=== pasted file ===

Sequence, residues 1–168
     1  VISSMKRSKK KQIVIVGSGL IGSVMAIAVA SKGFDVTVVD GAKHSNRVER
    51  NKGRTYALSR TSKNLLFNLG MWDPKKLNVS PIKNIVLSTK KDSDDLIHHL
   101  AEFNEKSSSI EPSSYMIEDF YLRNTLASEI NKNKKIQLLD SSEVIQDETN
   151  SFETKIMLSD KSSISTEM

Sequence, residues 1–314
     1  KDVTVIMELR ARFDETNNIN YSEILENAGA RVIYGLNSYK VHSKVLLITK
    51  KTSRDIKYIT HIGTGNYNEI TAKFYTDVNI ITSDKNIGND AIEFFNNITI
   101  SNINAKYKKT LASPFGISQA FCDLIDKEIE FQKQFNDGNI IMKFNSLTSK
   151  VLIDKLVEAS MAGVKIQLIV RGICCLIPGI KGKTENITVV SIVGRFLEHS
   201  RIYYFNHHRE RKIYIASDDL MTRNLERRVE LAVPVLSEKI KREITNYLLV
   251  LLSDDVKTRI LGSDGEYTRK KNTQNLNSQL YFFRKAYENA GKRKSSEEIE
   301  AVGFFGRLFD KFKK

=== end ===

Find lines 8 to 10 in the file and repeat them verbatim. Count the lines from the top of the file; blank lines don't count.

    51  KTSRDIKYIT HIGTGNYNEI TAKFYTDVNI ITSDKNIGND AIEFFNNITI
   101  SNINAKYKKT LASPFGISQA FCDLIDKEIE FQKQFNDGNI IMKFNSLTSK
   151  VLIDKLVEAS MAGVKIQLIV RGICCLIPGI KGKTENITVV SIVGRFLEHS